Tieppo Francio V.,Community Hospital
BMJ case reports | Year: 2014
An 18-year-old female patient presented with left dominant neck pain after a motor vehicle collision. Her cervical spine MRI revealed syringomyelia with associated Type I Arnold-Chiari malformation. Some researchers have reported that these might be considered contraindications to spinal manipulation. Nevertheless, her benign and functional clinical examination suggested otherwise and she underwent four manipulative treatments in 2 weeks. By the end of the treatment plan and after 1-month follow-up, she was asymptomatic, no adverse effects were noted and her outcome assessment score decreased from 56% to 0%. This case illustrates that spinal manipulation may be a useful adjunctive treatment procedure for spinal pain, even in the presence of syringomyelia and Chiari malformation, which may not necessarily be a contraindication to spinal manipulation, when performed by a skilled and well-trained physician. 2014 BMJ Publishing Group Ltd.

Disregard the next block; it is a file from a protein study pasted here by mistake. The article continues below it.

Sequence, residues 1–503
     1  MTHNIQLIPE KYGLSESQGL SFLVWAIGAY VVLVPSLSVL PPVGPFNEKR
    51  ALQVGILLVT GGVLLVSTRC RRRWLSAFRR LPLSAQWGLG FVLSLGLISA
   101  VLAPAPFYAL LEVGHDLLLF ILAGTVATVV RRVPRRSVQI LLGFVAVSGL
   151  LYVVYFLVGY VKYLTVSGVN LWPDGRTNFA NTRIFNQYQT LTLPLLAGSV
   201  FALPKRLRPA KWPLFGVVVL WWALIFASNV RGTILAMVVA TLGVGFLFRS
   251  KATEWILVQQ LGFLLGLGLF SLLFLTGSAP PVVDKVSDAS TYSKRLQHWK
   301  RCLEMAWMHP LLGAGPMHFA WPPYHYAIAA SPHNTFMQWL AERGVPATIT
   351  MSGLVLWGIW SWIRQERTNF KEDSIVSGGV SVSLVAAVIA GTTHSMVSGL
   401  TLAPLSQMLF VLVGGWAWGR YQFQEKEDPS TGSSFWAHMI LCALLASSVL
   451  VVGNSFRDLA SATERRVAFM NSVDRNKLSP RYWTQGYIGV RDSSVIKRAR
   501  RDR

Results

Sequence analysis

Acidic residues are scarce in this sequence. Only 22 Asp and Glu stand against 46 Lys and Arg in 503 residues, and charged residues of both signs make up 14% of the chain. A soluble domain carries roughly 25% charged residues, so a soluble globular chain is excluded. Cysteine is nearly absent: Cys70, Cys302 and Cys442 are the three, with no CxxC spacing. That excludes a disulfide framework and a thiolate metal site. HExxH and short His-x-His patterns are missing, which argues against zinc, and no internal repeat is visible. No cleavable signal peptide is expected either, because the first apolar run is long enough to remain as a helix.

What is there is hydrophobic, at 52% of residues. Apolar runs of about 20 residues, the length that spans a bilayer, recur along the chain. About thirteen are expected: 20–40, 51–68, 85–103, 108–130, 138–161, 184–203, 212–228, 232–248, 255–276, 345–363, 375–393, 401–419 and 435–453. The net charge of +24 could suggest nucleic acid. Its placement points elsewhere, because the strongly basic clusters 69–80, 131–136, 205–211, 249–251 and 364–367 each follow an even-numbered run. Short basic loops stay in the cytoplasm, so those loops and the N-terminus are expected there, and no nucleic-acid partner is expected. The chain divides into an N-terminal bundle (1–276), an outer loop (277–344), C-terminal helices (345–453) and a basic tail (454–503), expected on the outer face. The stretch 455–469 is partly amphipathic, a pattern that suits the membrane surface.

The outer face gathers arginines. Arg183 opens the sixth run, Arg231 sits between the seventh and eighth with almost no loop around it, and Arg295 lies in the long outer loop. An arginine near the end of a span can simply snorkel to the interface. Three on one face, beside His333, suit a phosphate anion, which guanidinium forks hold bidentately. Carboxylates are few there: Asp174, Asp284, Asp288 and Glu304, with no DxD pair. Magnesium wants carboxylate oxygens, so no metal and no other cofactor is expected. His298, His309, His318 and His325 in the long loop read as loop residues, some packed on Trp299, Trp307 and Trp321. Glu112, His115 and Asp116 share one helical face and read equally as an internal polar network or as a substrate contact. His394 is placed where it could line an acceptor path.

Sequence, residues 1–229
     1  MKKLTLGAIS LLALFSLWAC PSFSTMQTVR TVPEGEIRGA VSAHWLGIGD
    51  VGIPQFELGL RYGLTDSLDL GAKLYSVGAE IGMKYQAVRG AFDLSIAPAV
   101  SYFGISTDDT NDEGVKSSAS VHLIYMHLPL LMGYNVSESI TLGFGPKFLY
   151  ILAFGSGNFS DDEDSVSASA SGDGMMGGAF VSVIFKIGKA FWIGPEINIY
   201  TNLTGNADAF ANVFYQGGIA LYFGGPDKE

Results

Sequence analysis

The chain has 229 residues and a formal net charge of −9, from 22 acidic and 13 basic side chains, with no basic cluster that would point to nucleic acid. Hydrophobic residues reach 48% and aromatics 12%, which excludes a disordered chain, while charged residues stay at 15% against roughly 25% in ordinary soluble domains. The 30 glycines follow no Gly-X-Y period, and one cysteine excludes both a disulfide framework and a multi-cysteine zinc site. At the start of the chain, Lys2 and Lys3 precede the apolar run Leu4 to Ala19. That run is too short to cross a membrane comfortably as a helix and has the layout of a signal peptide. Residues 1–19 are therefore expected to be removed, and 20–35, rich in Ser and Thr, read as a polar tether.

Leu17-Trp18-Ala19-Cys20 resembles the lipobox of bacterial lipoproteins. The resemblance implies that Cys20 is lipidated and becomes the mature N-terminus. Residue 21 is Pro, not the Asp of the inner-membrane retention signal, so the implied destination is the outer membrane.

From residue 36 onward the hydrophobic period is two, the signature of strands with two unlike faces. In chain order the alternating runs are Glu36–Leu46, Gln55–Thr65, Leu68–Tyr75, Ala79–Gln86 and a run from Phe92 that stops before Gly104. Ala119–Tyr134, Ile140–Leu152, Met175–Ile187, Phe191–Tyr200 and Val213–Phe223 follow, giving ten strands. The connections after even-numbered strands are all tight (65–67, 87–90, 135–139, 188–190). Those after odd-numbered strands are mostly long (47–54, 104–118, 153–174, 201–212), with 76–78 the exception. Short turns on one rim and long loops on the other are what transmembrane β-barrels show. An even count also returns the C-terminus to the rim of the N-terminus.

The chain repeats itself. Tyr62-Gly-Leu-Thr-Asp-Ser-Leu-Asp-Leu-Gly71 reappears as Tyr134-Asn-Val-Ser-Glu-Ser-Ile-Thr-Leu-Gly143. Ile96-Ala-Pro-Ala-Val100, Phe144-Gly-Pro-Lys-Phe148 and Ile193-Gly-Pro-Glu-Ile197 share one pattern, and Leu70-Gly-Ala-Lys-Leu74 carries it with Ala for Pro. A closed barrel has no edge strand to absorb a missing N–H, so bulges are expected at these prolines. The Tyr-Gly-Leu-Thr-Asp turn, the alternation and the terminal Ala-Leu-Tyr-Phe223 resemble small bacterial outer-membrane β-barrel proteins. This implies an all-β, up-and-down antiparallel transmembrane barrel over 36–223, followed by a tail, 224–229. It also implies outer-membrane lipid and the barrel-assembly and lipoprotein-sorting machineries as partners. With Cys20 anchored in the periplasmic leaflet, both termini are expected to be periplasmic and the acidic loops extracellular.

King J.D.,Community Hospital |
Eickhoff J.,University of Wisconsin - Madison |
Traynor A.,University of Wisconsin - Madison |
Campbell T.C.,University of Wisconsin - Madison
Journal of Pain and Symptom Management | Year: 2016